Technology and the CEO Résumé: Why it Matters
Technology and InnovationTransformation InnovationLeadershipTechnologyBoard and CEO AdvisoryTechnology, Data, and DigitalDevelopment and Transition
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August 23, 2017
Technology and InnovationTransformation InnovationLeadershipTechnologyBoard and CEO AdvisoryTechnology, Data, and DigitalDevelopment and Transition
The Chief Executive article, “Technology and the CEO Résumé: Why it Matters,” quoted Russell Reynolds Associates Consultant Margot McShane in its three-part series on the importance of technology to CEOs in today’s business landscape to make sure it’s being factored in to their decisions and their company’s strategic direction. The article is excerpted below.
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Chief Executive

Technology is key to increasing operational efficiency, building agility, becoming more customer-centric and driving innovation. It is fundamental to the creation of new products and services. And it is reshaping the competitive landscape, lowering the cost of entry for smaller companies and enabling competitors to quickly cross traditional industry boundaries. 
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“People who grow up in technology are expecting someone else to come out with something more competitive and better the next day,” says Margot McShane, executive director at the San Francisco office of the Russell Reynolds Associates executive search firm. “They are constantly assuming that what’s worked in the past will not work in the future. It’s an agile environment of ‘try, optimize, learn, evolve.’”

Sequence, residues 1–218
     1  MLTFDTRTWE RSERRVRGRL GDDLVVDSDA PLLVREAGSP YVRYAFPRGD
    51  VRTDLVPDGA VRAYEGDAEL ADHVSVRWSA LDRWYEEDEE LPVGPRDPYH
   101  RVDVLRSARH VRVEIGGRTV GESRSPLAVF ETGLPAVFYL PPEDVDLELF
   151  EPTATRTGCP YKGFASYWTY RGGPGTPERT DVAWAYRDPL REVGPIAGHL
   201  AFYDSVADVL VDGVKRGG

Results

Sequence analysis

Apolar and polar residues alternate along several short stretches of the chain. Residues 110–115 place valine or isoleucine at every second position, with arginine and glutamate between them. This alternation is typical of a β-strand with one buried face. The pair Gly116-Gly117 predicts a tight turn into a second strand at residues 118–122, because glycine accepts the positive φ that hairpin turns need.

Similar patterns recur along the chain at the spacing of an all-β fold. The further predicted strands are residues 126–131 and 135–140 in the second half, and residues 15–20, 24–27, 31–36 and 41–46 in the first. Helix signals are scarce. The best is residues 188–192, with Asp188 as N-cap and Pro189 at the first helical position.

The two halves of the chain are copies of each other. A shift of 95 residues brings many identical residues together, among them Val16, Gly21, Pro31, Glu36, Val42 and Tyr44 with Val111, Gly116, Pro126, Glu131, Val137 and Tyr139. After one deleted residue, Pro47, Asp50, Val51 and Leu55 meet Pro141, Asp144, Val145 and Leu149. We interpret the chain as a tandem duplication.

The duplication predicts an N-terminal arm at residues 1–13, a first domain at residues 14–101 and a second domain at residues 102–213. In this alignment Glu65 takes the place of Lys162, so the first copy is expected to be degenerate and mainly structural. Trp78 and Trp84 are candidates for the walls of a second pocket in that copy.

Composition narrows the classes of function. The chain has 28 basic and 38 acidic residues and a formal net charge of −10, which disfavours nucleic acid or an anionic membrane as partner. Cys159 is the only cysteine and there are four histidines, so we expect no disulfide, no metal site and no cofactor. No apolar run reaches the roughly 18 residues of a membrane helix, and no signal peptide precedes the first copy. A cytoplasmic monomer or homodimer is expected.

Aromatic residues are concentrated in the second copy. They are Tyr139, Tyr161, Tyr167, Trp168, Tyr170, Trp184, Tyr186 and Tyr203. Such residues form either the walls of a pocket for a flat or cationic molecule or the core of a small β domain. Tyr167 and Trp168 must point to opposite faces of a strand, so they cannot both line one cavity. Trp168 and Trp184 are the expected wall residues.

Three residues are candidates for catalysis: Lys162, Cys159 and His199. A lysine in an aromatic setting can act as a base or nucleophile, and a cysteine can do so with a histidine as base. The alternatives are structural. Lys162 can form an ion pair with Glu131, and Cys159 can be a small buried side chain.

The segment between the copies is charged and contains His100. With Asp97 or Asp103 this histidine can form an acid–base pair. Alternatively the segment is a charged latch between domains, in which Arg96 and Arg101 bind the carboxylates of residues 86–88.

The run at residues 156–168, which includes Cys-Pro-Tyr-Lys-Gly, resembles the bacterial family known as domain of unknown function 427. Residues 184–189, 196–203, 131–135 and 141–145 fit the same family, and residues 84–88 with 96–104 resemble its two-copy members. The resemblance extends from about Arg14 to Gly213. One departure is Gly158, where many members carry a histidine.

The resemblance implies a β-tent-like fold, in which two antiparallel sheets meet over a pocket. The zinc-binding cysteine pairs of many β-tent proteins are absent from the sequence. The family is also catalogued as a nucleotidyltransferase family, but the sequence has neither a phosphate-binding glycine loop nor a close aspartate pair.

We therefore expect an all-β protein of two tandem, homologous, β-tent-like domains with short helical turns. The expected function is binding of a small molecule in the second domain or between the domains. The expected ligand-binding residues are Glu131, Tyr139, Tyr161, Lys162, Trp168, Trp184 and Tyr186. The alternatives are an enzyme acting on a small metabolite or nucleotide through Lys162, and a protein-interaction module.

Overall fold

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Sharing insights with executives at other firms also can help. “Spend time with peers in the market—not direct competitors, but companies that might be at a similar life stage and grappling with similar questions about technology,” says Margot McShane, executive director at the San Francisco office of executive search firm Russell Reynolds Associates. “Having good peer support is important.” 

Spending time with companies that are driving disruption also can help. McShane says that some CEOs visit Silicon Valley firms, where “they are not just going in for a dog-and-pony show for an hour. They are sitting with the culture, they are sitting with the employees.” They learn “how we are doing business. This is how we make decisions. This is the language we use.” 

To read the full article, click here.